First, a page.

> with gparted, so you don't need to burn a new media. If I should be
> mistaken, you just need to run
>
>   sudo apt update && sudo apt install gparted
>
> after booting an Ubuntu {,flavour} live media.

So Gparted is a regular program, not something that is to be booted  
("Boot Gparted"). That was confusing.

I'm trying to repair my SSD (/dev/sdb) now, using GParted. I select  
"create partition table" in the "device" menu. It asks for which  
partition table type to use, but "MBR" isn't listed. "msdos" is the  
default, "gpt" is in the list.

So I just chose GPT. (Googled a little about the difference, and it  
tells you that MBR is just outdated in regard to GPT).

Bye
Volker


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Re: wiped disk - no longer bootable

ubuntu-users mailing list
In reply to this post by Volker Wysk
On Tue, 2019-07-09 at 19:52 +0200, Volker Wysk wrote:
> And now the system boots again! (It's a fresh KISS Ubuntu 19.04.)

Ubuntu GNOME is everything, but KISS ;).

> The installation of Ubuntu was terribly slow. It hung at the message [snip]
> The counter counted up very slowly. [snip]

Most likely a broken drive, second likely a broken controller of the
mobo or another part of the mobo is the culprit.

I wouldn't be surprised, if some GNOME shell install or even some other
Ubuntu flavor wouldn't run on old hardware, but if the installation
already is slow, then most likely fishy hardware is the cause, it's even
not much likely that the PEBCAK.

Shouting! Bootcamp mode! Did you replace the fine battery and
restore/upgarde the BIOS? Assuming you are using several RAM bars, did
remove all, excepted of one RAM bar and after that did replace the RAM
bar by one after another RAM bar? That's way more meaningful then
running Memtest.

"Sustainable future" + "budget" vs "the effort of
maintenance/troubleshooting + "human mortality".





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Re: wiped disk - no longer bootable

Compdoc@hotrodpc.com
In reply to this post by Volker Wysk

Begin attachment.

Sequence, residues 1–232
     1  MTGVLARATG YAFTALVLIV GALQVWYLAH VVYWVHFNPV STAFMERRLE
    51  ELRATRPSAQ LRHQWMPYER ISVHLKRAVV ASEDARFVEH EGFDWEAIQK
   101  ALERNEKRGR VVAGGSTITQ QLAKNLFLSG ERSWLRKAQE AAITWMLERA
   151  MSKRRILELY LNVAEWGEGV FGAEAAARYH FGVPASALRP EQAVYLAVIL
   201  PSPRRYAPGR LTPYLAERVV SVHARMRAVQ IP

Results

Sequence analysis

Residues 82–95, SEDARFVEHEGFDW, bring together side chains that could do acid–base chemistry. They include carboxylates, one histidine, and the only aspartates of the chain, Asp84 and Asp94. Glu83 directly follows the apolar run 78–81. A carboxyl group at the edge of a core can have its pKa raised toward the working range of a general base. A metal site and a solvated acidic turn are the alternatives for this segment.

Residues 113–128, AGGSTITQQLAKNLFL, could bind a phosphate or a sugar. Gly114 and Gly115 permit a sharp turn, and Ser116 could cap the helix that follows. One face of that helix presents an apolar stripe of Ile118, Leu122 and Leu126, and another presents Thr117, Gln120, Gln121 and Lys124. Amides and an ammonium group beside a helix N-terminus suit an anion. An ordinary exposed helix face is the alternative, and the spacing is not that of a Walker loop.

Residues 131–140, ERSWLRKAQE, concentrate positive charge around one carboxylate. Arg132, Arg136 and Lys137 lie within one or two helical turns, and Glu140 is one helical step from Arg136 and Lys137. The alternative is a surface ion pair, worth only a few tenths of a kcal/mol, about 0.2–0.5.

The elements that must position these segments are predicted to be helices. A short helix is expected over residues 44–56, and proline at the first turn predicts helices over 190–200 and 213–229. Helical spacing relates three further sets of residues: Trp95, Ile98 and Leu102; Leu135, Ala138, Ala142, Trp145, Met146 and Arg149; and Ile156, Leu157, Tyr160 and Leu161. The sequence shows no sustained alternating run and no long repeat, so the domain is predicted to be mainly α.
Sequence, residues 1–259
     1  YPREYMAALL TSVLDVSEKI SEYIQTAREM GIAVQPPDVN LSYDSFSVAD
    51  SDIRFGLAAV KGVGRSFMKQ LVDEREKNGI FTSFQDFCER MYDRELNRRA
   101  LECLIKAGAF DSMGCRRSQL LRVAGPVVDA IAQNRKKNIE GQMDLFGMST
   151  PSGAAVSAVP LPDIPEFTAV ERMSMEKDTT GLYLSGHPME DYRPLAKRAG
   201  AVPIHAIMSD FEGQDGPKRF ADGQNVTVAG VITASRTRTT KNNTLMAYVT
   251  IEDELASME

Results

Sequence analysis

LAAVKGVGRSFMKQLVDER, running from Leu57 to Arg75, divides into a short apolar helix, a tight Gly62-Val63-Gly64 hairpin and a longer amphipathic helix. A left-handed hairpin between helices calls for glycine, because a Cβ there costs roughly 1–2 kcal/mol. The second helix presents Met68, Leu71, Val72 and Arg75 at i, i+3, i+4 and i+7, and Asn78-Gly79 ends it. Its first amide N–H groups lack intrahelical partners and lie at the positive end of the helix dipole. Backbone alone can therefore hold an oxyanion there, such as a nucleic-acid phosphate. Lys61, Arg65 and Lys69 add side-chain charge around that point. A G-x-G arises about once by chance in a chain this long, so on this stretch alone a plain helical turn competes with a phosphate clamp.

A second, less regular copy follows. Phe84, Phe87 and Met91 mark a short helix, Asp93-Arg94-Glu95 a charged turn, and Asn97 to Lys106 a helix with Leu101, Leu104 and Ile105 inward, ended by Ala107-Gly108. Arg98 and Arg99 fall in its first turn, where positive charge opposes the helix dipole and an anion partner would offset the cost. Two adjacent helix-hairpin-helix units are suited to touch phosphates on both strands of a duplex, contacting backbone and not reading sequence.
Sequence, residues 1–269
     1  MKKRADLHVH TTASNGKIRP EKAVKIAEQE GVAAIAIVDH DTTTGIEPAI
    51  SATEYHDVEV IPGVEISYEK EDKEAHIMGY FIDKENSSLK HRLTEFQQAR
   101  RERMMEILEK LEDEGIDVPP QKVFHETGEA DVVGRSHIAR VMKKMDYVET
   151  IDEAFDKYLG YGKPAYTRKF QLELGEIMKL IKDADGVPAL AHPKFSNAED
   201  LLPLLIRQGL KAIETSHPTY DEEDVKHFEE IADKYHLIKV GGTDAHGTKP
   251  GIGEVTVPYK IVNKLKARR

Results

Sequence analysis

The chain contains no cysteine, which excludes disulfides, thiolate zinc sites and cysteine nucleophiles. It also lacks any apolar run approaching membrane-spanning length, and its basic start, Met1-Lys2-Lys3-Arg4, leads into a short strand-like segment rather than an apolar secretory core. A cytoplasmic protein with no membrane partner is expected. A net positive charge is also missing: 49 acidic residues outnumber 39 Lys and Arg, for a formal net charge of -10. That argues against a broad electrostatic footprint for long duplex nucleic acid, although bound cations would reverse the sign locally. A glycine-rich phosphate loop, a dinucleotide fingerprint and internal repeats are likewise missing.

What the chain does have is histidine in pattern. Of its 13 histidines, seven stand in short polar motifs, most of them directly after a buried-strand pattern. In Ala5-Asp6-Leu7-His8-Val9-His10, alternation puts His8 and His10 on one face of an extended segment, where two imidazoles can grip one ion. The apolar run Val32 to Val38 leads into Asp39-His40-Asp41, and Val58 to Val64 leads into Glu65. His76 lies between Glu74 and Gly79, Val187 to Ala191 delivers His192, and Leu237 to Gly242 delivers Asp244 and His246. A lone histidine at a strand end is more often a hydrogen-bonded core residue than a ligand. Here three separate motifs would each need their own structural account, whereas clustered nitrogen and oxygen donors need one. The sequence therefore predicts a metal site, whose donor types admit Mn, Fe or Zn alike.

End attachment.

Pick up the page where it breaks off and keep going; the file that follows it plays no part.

On 7/9/19 12:19 PM, Volker Wysk wrote:
> So Gparted is a regular program, not something that is to be booted
> ("Boot Gparted"). That was confusing.

No, gparted can be downloaded and booted directly, and it also comes
installed on the live DVD. Or you can install it yourself and run it
from Ubuntu.

However, to change or create the partition table on the drives, they
must not be mounted so you must boot gparted for that.

Also know that when you change the partition table, all existing
partitions are wiped away.




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Re: wiped disk - no longer bootable

ubuntu-users mailing list
In reply to this post by Volker Wysk
On Tue, 09 Jul 2019 20:19:06 +0200, Volker Wysk wrote:
>"msdos"

The good news, this is "MBR" :).

The bad news, it's not much likely that the cause is a software issue or
that you miss the forest for the trees (nice formulation for you are
most likely not an idiot as to the issue).

Get used to the idea, that hardware is broken.


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Re: wiped disk - no longer bootable

ubuntu-users mailing list
On Tue, 9 Jul 2019 20:51:36 +0200, Ralf Mardorf wrote:
>Get used to the idea, that hardware is broken.
                                     ^^ no, no, get used to the idea
                                     that hardware might be broken. It
                                     not necessarily is broken.


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Re: wiped disk - no longer bootable

Volker Wysk
In reply to this post by Compdoc@hotrodpc.com

Zitat von compdoc <[hidden email]>:

> On 7/9/19 12:19 PM, Volker Wysk wrote:
>> So Gparted is a regular program, not something that is to be booted  
>> ("Boot Gparted"). That was confusing.
>
> No, gparted can be downloaded and booted directly, and it also comes  
> installed on the live DVD. Or you can install it yourself and run it  
> from Ubuntu.
>
> However, to change or create the partition table on the drives, they  
> must not be mounted so you must boot gparted for that.

Or boot from an USB stick and use it from there.

> Also know that when you change the partition table, all existing  
> partitions are wiped away.

Okay, Thnx

Volker


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Re: wiped disk - no longer bootable

Compdoc@hotrodpc.com
In reply to this post by ubuntu-users mailing list
On 7/9/19 1:00 PM, Ralf Mardorf via ubuntu-users wrote:

> It not necessarily is broken.

Agreed, there is no proof that any hardware is broken.


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Re: wiped disk - no longer bootable

Liam Proven
In reply to this post by Volker Wysk
On Tue, 9 Jul 2019 at 19:54, Volker Wysk <[hidden email]> wrote:

> It's crazy. I've done this:
>
> sfdisk -d /dev/sda > /tmp/sda.bak
> sfdisk /dev/sda < /tmp/sda.bak
>
> And now the system boots again! (It's a fresh KISS Ubuntu 19.04.)

For me, more evidence of hardware problems.

> The installation of Ubuntu was terribly slow. It hung at the message
> "Hole die Datei ... von ..." ("Downloading(?) file ... of ..."). The
> counter counted up very slowly. Seems like the Ubuntu servers are
> overloaded.

If you try again, untick the option to download updates while installing.